Canine Companions begins training service dogs as puppies. For each puppy's first year of life, volunteers socialize the young animal to a variety of people, sites, sounds, and environments, making sure that they're learning 30 plus commands.
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Once past the "puppy phase," the volunteer brings the dog to the Canine Companions' professional training centers to learn more advanced commands.
Depending on training received, a full-grown dog is specially matched with a child or adult.
"We know that once you've lived with a service dog, it really enhances your independence, and it's so important to continue that relationship," said Service Dog Mom, Jeanette Kaliska.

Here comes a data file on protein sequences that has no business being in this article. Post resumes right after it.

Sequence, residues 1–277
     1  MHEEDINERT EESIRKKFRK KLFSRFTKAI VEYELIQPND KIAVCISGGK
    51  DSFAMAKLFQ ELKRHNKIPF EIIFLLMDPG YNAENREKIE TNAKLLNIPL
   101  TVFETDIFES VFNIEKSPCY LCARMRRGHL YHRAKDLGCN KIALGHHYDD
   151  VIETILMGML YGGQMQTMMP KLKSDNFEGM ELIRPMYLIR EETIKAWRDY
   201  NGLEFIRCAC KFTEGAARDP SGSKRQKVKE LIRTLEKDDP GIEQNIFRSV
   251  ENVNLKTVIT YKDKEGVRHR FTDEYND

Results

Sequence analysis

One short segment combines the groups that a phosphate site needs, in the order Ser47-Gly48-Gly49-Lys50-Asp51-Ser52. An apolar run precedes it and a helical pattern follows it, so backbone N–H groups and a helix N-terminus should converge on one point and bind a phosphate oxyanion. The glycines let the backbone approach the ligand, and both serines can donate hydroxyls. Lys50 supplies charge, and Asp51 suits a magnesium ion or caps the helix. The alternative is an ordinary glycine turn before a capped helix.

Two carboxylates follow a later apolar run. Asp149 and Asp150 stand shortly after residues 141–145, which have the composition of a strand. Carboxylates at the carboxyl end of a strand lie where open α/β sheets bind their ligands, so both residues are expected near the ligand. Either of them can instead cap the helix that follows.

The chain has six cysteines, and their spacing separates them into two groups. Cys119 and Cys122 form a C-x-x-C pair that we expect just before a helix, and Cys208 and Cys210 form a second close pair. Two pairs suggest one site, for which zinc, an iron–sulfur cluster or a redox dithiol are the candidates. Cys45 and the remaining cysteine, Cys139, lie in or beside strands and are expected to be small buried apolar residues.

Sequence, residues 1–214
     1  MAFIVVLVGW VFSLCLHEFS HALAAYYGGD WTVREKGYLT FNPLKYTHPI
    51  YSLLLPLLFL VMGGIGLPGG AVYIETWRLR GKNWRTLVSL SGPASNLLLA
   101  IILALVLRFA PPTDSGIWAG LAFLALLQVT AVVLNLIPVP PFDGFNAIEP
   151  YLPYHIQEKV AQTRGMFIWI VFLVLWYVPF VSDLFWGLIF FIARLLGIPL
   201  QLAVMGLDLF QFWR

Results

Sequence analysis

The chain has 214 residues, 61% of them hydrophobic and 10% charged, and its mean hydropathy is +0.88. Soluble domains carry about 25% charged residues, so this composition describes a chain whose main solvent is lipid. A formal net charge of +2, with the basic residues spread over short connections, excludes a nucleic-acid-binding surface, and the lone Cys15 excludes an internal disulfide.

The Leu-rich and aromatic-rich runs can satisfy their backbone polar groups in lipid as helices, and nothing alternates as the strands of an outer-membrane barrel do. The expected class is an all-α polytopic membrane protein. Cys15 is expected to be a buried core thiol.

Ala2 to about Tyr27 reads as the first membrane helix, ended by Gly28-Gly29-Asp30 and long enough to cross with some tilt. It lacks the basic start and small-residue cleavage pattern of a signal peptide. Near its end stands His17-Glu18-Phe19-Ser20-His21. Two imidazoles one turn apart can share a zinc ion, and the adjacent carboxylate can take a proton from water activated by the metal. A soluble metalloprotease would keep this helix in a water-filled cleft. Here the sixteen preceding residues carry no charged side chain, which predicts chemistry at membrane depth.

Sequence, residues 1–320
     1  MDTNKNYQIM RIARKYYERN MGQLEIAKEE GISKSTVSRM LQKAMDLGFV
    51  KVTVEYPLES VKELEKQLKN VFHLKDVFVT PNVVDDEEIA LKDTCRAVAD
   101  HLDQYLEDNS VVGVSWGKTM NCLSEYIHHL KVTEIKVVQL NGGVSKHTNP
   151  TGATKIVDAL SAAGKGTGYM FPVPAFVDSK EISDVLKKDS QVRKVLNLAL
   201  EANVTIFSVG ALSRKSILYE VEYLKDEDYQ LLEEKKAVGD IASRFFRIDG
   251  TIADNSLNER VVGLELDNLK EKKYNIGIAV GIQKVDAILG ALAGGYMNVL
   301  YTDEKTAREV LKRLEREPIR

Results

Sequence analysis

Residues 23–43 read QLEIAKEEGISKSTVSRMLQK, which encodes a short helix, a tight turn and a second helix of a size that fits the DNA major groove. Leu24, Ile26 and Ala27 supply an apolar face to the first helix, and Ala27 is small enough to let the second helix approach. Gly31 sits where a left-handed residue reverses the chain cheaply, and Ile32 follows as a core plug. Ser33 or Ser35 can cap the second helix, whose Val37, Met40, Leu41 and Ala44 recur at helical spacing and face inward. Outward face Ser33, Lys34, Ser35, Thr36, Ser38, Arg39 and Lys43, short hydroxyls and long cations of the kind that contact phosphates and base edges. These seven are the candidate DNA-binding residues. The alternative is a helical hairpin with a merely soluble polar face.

Canine Companions seeks to foster a transformative relationship through the power of a human-canine partnership.
"They're there for me, and I feel like they're an extension of me, part of my heart and soul," said Kaliska. "I know that if I want to do something they're there, and I can do it."
Service is extended to adults with physical or auditory disabilities, children with physical or cognitive disabilities who require the assistance of a facilitator, veterans with a physical or auditory disability or PTSD, and more.
"Imagine for those of us who don't need a service dog, having to ask someone for help to open a door or to pick up a dropped item, or maybe you can't hear your name being called or a fire alarm," explained Michelle Williams of Canine Companions. "It really is impactful to have these service dogs, and I think it's wonderful to remember how important they are."
To learn more about Canine Companions, visit here.
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